A recent comparative study of back pain treatments by Antonio P. Legorreta, MD, MPH, et al., "found cost savings relating to chiropractic treatment of common complaints such as neck and back pain. Focusing on low back pain diagnoses that were selected specifically for comparability between medical and chiropractic practice, our analysis found that patients with chiropractic coverage had significantly lower rates of use of resource-intensive technologies, such as x-ray examinations, MR image, and surgery, and lower use of more expensive patient care settings, such as inpatient care. This is reflected in the significantly lower cost, at both the episode level and the patient level, of providing care for back pain."58
Another study by Niteesh Choudhry, MD, PhD, from Harvard Medical School and Arnold Milstein, MD, from Mercer Health and Benefits consulting firm, also found, in terms of clinical and cost effectiveness, that "chiropractic physician care for low back and neck pain is highly cost-effective, represents a good value in comparison to medical physician care and to widely accepted cost-effectiveness thresholds."59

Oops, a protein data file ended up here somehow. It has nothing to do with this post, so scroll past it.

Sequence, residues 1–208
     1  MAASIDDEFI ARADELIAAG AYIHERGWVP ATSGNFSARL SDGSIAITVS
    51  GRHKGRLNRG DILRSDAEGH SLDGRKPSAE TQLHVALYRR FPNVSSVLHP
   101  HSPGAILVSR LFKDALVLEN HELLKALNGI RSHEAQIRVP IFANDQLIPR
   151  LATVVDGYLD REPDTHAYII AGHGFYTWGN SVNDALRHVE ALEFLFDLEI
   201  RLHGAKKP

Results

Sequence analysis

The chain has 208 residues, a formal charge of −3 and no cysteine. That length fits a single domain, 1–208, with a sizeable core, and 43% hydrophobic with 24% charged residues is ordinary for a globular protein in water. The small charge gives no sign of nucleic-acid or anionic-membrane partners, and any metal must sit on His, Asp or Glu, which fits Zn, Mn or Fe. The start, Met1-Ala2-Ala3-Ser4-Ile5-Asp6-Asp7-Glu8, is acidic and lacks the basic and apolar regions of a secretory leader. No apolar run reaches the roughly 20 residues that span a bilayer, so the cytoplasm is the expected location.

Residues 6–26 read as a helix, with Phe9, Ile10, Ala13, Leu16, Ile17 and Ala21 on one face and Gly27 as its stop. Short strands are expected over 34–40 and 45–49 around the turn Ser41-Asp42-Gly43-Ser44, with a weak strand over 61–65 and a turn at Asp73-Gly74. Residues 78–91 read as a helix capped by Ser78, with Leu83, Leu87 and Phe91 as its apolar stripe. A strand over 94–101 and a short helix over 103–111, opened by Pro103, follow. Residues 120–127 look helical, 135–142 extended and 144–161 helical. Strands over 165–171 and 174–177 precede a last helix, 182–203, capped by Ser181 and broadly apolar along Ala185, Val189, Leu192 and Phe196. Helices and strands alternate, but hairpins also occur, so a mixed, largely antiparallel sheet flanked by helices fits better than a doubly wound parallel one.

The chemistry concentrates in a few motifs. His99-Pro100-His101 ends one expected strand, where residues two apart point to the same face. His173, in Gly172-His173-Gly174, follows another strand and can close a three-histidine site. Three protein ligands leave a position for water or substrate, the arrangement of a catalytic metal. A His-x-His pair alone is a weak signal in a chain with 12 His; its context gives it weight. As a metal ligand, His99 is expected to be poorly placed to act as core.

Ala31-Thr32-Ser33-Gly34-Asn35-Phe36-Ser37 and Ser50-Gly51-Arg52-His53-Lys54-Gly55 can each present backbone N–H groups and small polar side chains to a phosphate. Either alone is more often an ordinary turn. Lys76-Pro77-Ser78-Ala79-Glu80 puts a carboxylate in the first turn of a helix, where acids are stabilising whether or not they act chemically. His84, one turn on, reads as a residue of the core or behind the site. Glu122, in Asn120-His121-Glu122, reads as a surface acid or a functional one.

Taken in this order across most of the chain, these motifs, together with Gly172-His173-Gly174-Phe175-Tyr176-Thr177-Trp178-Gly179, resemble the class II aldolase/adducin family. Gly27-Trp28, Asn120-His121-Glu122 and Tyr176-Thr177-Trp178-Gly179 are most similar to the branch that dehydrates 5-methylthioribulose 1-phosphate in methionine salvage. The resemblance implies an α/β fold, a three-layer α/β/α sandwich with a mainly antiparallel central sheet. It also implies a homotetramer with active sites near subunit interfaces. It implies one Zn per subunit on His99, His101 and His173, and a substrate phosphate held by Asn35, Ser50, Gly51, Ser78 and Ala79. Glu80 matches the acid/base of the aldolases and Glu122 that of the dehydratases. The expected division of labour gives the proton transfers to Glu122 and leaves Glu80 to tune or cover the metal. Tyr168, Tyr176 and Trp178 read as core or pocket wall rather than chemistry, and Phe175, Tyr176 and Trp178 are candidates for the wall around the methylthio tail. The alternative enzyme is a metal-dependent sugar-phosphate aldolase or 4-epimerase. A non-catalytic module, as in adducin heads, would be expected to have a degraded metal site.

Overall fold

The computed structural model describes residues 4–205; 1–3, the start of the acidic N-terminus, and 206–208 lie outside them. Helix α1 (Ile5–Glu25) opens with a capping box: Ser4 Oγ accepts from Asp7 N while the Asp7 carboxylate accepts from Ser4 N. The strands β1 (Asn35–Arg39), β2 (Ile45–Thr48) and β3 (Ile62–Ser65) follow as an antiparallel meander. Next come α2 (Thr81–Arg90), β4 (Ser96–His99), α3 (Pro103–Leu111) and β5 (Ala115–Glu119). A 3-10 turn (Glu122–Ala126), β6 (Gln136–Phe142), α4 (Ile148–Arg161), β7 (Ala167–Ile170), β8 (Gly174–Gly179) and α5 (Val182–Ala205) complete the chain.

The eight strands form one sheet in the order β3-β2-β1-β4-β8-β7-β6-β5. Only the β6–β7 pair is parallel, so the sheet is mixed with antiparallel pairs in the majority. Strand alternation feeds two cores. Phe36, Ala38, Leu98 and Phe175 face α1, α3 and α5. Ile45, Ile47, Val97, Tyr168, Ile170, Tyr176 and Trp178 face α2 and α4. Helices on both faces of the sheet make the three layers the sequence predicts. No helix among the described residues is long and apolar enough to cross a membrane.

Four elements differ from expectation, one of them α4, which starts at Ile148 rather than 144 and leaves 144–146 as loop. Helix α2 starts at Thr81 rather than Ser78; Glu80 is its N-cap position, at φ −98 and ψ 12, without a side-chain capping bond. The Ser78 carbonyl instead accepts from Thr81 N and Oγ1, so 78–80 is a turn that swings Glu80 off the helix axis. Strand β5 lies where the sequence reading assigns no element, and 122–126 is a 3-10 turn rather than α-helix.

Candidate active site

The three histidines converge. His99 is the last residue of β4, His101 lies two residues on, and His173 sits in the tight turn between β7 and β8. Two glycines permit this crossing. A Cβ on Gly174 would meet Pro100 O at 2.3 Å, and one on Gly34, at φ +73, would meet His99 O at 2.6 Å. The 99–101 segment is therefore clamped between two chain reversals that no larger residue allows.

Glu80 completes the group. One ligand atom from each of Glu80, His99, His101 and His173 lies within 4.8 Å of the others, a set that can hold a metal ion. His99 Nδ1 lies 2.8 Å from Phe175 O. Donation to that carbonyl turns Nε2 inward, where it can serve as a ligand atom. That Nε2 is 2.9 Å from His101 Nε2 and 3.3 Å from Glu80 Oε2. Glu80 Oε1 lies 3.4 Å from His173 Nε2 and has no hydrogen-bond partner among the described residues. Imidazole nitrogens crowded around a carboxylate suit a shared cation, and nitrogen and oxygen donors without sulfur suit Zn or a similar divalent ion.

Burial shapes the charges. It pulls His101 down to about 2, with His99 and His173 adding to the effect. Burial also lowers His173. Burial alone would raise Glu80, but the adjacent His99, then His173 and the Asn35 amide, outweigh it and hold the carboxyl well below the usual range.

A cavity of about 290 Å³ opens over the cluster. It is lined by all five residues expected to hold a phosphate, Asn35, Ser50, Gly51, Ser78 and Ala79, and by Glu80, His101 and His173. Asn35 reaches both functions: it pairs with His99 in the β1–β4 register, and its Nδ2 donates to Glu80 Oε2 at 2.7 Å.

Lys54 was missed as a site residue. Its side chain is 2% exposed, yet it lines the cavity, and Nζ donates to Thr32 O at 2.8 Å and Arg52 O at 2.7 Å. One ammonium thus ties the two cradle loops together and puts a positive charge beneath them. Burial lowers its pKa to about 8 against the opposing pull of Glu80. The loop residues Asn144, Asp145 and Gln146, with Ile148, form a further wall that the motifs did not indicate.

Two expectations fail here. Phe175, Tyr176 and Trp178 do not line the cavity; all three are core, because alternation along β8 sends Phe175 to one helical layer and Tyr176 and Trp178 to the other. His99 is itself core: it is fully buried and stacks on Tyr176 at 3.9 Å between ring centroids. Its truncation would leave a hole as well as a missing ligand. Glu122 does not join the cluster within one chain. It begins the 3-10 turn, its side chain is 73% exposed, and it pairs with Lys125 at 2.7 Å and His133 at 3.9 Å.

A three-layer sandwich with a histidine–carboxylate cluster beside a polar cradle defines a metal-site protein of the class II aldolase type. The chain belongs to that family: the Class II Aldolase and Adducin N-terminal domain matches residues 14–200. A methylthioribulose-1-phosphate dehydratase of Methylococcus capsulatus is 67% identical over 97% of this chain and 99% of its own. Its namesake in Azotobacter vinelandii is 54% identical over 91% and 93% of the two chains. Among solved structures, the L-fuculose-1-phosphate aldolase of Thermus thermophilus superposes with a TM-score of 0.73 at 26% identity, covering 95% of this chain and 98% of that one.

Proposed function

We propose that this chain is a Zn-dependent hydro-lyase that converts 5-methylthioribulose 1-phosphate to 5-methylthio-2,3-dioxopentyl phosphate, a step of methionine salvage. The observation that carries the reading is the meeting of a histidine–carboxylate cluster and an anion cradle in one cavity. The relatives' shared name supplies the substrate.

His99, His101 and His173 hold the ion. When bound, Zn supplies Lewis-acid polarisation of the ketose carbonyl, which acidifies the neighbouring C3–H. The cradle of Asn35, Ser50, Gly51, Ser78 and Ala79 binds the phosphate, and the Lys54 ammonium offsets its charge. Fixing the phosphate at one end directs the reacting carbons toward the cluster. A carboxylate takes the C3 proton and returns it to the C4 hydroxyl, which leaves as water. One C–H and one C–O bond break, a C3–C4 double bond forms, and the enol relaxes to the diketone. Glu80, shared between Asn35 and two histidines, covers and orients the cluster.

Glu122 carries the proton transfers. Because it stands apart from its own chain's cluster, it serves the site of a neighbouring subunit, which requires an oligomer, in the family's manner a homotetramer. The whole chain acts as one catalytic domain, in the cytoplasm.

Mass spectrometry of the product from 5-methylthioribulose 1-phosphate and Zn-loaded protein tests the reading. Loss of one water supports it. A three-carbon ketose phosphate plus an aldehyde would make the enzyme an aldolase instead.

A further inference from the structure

Not only is manual therapy more clinically effective, another large study shows it is also less costly than medical care. A study published in 2010 revealed data over a two-year span from 85,000 Blue Cross Blue Shield beneficiaries with low back pain in Tennessee. The patients had open access to MDs and DCs through self-referral, and there were no limits applied to the number of visits allowed and no differences in co-pays. Results show that paid costs for episodes of care initiated by a chiropractor were almost 40 percent less than care initiated through an MD. They estimated that allowing DC-initiated episodes of care would have led to an annual cost savings of $2.3 million for BCBS of Tennessee.60